| May 03, 2007


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NatureReflections - May 3, 2007

April's Bounty

Nature Reflections by Jean Griffin

The saying that "April showers bring May flowers" is borne out by the appearance of many spring flowers in the month of May, but April itself has flowers. Some of these are not noticed readily, because they are high on trees like the Trembling Aspen, tiny like the red, female flowers of theBeaked Hazelnut, and sometimes quickly shedding their petals like the Bloodroot - all of which I have seen in the last two weeks.

Lambert_sets_record

April weather is also conducive to the return of the migrant birds (there have been some arriving in March, but Aprilbrings many more). Most of the sparrows have arrived back - the White-throated with its "tom-tom-peabody" call, the Field sending its soft, sweet whistles out to attract a mate, the Chipping with its rather unmusical trill, and I heard a Lincoln's singing on the 21st. On the 27th the Brown Thrasher was perched high on a tree and repeating each of its rich and variedmusical calls twice. The first of the jewels of the forest - the warblers - have arrived. A Yellow-rumped Warbler and a Pine Warblerwere both singing on April 23. For the last few days a Ruby-crowned Kinglet, arriving a little later than its cousin the Golden-crowned, has been singing its lively chant. Also on the 27th a Hermit Thrush was giving an eveningconcert from the top of the hill. These are just a few of the birds that are back from their southern journeys and preparing to raise families. Rosemary Anderson on Green Lake, near Burridge,echoes many of these with her report of"a well-dressed Yellow-rumped Warbler singing today, as well as Chipping and Field Sparrows, and a pair of cowbirds keeping watch from a tall tree, the male (presumably) doing its strange water-gurgle sound regularly."

The warming temperatures of April are what rouse the frogs in the ponds, the snakes on the roads (getting warmed in the sun) and brings about the first few mosquitoes and blackflies - a promise of what lies ahead! Let's not forget those insects, either rousing from hibernation or hatching from eggs laid last year. Without them many of the birds would not survive because of a lack of food. OnApril 27 I discovered a tiny tent - a home for dozens of tiny caterpillars about 2 to 3 mm in length- the firstof the Tent Caterpillars. Is this going to be a year when this less-than-desirable species shows up in numbers?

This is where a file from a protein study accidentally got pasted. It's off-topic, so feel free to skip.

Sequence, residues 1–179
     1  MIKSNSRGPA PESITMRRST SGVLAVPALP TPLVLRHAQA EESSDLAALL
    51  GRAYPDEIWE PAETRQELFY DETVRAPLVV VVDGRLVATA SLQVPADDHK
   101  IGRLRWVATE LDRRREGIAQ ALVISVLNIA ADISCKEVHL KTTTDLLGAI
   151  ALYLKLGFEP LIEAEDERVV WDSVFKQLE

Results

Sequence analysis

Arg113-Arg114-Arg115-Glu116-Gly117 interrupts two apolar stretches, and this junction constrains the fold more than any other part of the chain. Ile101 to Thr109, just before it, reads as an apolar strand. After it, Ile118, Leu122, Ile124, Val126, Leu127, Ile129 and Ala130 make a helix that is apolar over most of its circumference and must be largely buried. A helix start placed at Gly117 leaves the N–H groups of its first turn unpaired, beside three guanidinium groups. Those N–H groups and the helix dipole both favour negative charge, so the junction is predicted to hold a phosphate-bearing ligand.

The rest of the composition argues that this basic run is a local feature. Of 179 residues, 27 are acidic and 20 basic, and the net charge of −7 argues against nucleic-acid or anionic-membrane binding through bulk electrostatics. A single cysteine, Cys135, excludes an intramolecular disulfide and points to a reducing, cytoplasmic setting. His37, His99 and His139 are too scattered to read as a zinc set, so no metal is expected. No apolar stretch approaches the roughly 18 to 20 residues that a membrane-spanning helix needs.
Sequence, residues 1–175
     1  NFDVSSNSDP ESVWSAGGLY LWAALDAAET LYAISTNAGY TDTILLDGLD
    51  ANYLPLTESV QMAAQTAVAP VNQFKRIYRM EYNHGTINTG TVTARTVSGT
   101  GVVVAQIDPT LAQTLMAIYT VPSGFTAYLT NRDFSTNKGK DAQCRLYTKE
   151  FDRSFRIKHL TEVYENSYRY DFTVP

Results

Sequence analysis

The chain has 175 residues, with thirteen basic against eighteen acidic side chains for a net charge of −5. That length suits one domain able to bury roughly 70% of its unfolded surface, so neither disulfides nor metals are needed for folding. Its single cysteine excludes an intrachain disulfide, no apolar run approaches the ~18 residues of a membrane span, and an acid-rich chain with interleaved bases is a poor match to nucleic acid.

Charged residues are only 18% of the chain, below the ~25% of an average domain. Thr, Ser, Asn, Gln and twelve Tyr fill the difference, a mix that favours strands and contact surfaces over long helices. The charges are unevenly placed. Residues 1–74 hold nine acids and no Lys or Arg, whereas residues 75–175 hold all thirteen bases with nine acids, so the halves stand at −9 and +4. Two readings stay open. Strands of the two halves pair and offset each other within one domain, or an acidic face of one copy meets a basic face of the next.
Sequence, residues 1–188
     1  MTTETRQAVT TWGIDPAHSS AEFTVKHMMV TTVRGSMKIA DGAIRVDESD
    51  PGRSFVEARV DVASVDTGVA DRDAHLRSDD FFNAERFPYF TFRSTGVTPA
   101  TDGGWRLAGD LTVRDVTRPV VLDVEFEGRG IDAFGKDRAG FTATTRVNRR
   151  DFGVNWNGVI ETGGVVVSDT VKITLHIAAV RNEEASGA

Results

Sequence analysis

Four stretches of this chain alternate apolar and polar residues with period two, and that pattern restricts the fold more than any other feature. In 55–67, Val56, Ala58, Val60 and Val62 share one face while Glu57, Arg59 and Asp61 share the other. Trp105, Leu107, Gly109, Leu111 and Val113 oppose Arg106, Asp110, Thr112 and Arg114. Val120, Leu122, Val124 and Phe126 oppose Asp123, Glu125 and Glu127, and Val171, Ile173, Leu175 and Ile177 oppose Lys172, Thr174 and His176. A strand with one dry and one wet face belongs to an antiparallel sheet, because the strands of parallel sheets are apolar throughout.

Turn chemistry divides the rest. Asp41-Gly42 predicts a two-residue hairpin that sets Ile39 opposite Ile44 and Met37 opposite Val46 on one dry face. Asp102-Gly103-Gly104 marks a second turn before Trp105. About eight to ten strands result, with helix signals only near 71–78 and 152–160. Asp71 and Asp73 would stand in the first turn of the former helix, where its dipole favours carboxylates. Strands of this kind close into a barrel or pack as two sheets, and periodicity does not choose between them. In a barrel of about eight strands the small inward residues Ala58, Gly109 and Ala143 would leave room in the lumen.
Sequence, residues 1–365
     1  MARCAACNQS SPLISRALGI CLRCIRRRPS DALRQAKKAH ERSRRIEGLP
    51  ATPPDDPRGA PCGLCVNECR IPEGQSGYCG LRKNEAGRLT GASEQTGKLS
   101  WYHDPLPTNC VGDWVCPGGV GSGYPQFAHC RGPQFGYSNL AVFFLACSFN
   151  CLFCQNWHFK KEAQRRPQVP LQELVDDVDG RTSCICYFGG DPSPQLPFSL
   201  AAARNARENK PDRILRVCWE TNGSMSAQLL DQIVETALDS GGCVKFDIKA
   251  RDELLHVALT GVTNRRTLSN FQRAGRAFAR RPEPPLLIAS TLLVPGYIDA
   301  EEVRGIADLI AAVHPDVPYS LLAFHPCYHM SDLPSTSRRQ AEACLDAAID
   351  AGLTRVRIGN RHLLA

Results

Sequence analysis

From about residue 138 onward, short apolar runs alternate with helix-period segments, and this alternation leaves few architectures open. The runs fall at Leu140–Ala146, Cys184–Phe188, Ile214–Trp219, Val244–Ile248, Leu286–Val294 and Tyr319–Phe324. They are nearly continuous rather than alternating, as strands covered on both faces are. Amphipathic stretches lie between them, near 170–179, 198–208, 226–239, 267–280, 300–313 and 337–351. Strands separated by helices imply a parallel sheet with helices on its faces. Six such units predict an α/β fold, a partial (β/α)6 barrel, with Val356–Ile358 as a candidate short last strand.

April is a special month - a month to welcome flowers, birds, frogs, snakes, and whatever else nature produces. Then comes May with an even bigger bounty - many more colorful flowers, more of the warblers, migrating shorebirds, turtles sunning on logs and rocks, and sometimes hordes of insects, many of which we wish were not present, but all of which are a part of the cycle of life. So enjoy the Aprilshowers and the resulting burgeoning of life.

An opportunity to look forward to June and the Showy Lady's Slippers at Purdon is being presented by the Rideau Valley Field Naturalists club on May 6 when Dr. Ted Mosquin will be the guest speaker talking about the ecological management of the Purdon Conservation Area and those beautiful members of the Orchid family. The general public is invited to join the RVFN for their meeting at 2 p.m. on Sunday, May 6 in the all-purpose room at the Perth and District Indoor Swimming Pool on Wilson St. at Sunset Blvd. There is a small admission fee of $5 for non-members.

Share your observations. Call Jean at 613-268-2518 or email This email address is being protected from spambots. You need JavaScript enabled to view it..

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